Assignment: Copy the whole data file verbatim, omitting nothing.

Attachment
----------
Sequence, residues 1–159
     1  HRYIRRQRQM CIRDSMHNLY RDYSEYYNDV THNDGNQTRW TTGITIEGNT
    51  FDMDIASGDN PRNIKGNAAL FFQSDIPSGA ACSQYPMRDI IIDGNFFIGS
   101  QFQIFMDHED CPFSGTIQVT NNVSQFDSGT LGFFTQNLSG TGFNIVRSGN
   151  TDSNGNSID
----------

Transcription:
Sequence, residues 1–159
     1  HRYIRRQRQM CIRDSMHNLY RDYSEYYNDV THNDGNQTRW TTGITIEGNT
    51  FDMDIASGDN PRNIKGNAAL FFQSDIPSGA ACSQYPMRDI IIDGNFFIGS
   101  QFQIFMDHED CPFSGTIQVT NNVSQFDSGT LGFFTQNLSG TGFNIVRSGN
   151  TDSNGNSID